Delayed treatment with human dental pulp stem cells accelerates functional recovery and modifies responses of peri-infarct astrocytes following photothrombotic stroke in rats

Wai Ping Yew, Natalia D. Djukic, Jaya S.P. Jayaseelan, Xenia Kaidonis, Karlea L. Kremer, Fong Chan Choy, Richard J. Woodman, Simon A. Koblar, Neil R. Sims

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Dental pulp contains multipotent mesenchymal stem cells that improve outcomes when administered early after temporary middle cerebral artery occlusion in rats. To further assess the therapeutic potential of these cells, we tested whether functional recovery following stroke induced by photothrombosis could be modified by a delayed treatment that was initiated after the infarct attained maximal volume. Photothrombosis induces permanent focal ischemia resulting in tissue changes that better reflect key aspects of the many human strokes in which early restoration of blood flow does not occur. Human dental pulp stem cells (approximately 400 × 103 viable cells) or vehicle were injected into the infarct and adjacent brain tissue of Sprague-Dawley rats at 3 days after the induction of unilateral photothrombotic stroke in the sensorimotor cortex. Forepaw function was tested up to 28 days after stroke. Cellular changes in peri-infarct tissue at 28 days were assessed using immunohistochemistry. Rats treated with the stem cells showed faster recovery compared with vehicle-treated animals in a test of forelimb placing in response to vibrissae stimulation and in first attempt success in a skilled forelimb reaching test. Total success in the skilled reaching test and forepaw use during exploration in a Perspex cylinder were not significantly different between the 2 groups. At 28 days after stroke, rats treated with the stem cells showed decreased immunolabeling for glial fibrillary acidic protein in tissue up to 1 mm from the infarct, suggesting decreased reactive astrogliosis. Synaptophysin, a marker of synapses, and collagen IV, a marker of capillaries, were not significantly altered at this time by the stem-cell treatment. These results indicate that dental pulp stem cells can accelerate recovery without modifying initial infarct formation. Decreases in reactive astrogliosis in peri-infarct tissue could have contributed to the change by promoting adaptive responses in neighboring neurons.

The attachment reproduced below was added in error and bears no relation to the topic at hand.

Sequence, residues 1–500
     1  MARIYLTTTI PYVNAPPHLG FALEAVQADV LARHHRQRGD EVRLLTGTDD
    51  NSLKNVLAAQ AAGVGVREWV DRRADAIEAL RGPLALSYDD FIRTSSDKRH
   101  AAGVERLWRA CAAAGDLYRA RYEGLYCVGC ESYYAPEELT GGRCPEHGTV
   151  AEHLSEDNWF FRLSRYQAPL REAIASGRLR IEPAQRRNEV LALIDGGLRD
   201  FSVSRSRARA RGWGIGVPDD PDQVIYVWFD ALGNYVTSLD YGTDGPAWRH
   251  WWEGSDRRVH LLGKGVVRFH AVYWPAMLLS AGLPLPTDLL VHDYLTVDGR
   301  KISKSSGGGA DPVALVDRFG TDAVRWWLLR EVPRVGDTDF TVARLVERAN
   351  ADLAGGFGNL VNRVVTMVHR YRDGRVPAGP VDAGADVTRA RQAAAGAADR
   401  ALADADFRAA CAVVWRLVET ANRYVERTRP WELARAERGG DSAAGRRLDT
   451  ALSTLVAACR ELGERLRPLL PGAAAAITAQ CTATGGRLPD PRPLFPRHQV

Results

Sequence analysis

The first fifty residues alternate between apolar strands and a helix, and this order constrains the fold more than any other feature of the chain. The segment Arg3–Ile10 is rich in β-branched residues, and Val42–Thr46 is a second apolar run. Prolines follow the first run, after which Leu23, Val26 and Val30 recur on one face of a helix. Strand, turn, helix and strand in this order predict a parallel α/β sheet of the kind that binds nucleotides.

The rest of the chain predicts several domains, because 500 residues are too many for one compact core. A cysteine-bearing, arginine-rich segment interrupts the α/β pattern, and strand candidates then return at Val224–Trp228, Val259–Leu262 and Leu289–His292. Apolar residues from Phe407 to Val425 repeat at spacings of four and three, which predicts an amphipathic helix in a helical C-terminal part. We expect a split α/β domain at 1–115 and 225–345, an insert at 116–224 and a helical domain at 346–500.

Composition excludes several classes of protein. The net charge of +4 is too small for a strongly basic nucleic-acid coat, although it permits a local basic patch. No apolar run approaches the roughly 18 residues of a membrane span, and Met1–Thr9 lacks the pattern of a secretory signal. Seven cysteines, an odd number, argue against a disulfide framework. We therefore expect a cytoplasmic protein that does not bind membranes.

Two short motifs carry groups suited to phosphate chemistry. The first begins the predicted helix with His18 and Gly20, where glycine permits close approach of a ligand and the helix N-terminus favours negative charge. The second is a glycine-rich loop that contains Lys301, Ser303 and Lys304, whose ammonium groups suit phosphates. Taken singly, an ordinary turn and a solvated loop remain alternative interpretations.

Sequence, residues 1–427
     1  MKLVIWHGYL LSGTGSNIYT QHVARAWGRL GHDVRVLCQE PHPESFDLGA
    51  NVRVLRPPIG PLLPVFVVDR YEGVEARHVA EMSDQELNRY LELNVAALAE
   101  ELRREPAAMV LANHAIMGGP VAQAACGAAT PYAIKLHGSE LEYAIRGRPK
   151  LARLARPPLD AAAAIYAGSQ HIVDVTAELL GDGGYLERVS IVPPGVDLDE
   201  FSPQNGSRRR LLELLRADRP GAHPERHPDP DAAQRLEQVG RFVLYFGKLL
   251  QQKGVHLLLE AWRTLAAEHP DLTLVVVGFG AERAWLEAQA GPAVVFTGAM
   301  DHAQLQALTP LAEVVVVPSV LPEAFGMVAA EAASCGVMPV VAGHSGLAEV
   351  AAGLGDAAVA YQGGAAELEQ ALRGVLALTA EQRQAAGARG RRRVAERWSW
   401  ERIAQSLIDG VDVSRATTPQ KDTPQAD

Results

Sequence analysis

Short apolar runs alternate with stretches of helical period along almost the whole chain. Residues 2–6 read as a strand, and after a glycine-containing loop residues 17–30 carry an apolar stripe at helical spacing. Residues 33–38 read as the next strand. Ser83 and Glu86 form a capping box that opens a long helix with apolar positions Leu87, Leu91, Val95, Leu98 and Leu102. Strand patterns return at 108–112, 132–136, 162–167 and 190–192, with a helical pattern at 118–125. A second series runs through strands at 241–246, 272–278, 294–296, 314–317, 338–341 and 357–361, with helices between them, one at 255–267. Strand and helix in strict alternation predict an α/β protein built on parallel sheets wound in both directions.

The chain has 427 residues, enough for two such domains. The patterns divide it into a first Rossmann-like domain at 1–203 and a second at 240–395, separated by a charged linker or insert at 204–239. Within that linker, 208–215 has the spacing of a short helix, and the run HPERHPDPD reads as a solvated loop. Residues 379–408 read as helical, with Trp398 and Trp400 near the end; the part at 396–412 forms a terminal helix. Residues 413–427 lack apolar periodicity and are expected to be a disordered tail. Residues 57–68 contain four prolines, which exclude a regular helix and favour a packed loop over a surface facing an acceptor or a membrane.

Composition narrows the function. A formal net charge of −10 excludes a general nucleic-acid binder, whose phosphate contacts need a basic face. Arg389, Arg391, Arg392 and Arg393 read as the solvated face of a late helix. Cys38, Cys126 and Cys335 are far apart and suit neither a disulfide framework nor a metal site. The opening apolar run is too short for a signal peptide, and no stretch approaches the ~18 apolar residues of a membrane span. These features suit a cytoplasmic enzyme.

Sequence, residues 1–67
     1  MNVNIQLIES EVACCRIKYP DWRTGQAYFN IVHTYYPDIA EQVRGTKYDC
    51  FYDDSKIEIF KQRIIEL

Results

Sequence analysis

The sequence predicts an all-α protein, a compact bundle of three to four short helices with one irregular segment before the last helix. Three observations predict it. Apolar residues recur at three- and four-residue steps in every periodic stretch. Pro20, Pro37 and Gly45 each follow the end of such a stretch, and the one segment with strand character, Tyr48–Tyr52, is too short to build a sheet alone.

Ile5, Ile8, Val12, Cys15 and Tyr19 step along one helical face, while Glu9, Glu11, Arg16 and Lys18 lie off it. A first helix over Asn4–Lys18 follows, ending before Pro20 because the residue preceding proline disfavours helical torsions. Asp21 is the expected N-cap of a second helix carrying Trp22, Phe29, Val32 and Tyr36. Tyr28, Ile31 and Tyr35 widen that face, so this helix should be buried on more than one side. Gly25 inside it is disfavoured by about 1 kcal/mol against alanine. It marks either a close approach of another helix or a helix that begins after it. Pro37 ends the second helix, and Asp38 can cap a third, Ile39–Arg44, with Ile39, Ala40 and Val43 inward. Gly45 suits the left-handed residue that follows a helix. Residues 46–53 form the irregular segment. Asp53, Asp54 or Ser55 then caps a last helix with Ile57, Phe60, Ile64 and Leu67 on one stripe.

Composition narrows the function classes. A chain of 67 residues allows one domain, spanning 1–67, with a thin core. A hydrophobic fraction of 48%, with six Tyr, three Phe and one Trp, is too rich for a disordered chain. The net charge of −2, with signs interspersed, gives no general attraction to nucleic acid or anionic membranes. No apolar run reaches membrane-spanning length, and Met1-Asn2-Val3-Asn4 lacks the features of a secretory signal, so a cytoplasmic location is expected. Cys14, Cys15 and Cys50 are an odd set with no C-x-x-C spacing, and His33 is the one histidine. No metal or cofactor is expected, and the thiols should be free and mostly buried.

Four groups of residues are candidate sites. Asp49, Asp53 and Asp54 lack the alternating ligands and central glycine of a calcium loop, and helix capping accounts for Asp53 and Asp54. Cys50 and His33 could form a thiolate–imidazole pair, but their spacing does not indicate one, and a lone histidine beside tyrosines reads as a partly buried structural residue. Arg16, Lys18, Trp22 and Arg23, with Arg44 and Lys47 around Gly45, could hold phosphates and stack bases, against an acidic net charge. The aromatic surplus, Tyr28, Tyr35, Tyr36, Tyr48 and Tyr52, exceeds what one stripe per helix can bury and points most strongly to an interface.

Original languageEnglish
JournalCell Transplantation
Publication statusPublished - 1 Jan 2021


  • astrocytes
  • dental pulp stem cells
  • focal ischemia
  • functional recovery
  • peri-infarct
  • stroke

ASJC Scopus subject areas

  • Biomedical Engineering
  • Cell Biology
  • Transplantation

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